For the past few years, I’ve been interested in exploring the site of the ghost town of Deward, Michigan, with a metal detector. I finally made time to visit the site of Deward on May 28. The town was founded around 1901 by David E. Ward, a surveyor and lumber baron, to feed the growing nation’s endless demand for white pine lumber as it expanded westward. The town rapidly declined around 1912, when the supply of virgin white pine was exhausted and the saw mill fell silent. Today, all that remains are dozens of foundations and garbage pits with old bottles, jars, and random iron remnants of days past.
Deward is an interesting location for historians and relic hunters, but not as much for metal detectorists. The site is extremely “dirty”, completely saturated with old metal bits from machinery, buildings, and personal items like mason jar lids. These old mason jar lids were made of zinc, and contained a porcelain inner layer. Zinc has similar conductivity as nickel and brass, so the metal detector beeped favorably over these objects. Therefore, I dug a lot of jar lids. At one point I found a distorted old gear from an unknown piece of machinery. My goal, as always, was to find an old coin from the era, but the only coin I found in Deward was a 2000 Washington quarter.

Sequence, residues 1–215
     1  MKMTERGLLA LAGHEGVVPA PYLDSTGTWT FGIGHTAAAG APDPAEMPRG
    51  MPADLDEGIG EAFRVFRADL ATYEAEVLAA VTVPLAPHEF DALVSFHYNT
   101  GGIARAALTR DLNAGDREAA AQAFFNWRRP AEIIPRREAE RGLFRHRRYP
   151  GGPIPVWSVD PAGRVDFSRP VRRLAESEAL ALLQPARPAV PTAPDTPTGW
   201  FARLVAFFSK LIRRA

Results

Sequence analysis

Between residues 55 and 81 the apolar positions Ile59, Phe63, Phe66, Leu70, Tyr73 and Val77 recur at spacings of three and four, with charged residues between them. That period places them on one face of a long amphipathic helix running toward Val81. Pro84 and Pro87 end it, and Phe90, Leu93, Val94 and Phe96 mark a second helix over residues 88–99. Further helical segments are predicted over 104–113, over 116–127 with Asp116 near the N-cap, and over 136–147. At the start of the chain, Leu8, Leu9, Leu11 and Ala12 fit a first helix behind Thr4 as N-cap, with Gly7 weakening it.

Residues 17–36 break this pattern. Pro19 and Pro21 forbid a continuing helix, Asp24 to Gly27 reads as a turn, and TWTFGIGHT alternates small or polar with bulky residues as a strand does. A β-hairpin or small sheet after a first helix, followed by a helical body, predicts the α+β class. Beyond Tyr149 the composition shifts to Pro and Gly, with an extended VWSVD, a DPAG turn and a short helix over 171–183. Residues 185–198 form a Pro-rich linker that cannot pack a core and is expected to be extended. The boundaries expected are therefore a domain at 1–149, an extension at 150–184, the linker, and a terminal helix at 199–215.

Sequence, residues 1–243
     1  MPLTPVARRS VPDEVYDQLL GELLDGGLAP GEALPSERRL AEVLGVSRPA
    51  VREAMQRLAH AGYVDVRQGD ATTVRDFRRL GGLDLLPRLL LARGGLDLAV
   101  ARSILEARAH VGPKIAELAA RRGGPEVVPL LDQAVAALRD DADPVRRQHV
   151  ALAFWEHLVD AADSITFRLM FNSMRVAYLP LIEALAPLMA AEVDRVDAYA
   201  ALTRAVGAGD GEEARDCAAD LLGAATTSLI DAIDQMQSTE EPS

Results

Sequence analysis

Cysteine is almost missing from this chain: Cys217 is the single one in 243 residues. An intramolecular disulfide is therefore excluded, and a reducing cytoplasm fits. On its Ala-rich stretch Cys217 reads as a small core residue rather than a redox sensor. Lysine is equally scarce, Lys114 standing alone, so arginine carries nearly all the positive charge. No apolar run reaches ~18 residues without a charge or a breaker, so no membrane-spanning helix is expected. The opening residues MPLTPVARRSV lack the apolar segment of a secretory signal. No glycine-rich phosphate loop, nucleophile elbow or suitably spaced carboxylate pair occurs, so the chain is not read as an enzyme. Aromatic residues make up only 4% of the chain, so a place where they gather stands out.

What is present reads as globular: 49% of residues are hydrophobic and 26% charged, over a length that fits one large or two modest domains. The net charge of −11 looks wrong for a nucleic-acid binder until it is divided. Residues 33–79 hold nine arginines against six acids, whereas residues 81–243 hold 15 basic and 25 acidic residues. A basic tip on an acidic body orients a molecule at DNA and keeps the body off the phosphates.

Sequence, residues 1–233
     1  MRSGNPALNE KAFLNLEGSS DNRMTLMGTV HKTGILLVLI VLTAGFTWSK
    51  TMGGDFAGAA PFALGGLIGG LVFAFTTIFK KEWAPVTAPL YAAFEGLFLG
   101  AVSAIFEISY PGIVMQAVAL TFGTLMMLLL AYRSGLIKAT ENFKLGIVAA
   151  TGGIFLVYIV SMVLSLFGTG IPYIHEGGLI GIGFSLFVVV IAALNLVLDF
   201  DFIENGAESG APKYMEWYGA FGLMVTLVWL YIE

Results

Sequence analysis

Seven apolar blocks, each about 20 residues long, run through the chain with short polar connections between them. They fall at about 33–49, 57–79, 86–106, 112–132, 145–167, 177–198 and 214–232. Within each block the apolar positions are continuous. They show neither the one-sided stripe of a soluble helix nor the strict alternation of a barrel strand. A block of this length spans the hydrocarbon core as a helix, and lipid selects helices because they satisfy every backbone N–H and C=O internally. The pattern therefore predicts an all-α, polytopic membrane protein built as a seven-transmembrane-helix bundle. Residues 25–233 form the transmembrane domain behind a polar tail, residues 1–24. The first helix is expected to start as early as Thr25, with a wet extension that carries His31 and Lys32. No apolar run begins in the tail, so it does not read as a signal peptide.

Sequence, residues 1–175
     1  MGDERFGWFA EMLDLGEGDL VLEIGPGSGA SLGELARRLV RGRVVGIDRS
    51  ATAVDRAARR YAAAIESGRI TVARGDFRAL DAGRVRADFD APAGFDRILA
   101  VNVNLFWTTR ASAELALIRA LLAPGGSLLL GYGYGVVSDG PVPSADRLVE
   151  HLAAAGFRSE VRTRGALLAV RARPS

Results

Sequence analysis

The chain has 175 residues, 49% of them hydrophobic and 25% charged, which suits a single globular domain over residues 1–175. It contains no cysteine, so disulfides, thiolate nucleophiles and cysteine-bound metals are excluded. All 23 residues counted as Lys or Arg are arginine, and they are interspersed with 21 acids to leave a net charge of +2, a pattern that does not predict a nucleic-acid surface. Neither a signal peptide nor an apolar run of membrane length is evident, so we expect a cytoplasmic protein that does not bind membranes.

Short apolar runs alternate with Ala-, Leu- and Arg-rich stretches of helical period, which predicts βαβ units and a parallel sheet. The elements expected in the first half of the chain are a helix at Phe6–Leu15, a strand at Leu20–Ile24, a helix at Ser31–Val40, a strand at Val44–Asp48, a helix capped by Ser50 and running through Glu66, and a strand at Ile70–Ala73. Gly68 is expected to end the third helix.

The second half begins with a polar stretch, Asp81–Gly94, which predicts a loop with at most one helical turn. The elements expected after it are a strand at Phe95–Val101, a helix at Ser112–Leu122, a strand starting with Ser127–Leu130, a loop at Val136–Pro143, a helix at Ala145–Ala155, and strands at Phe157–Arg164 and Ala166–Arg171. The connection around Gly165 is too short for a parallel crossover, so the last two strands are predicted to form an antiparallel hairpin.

I enjoyed the hours spent at the Deward site, trying to imagine where the buildings once stood and what life must have been like in the tiny isolated town. I didn’t find any old coins, but I enjoyed the hike and exploration.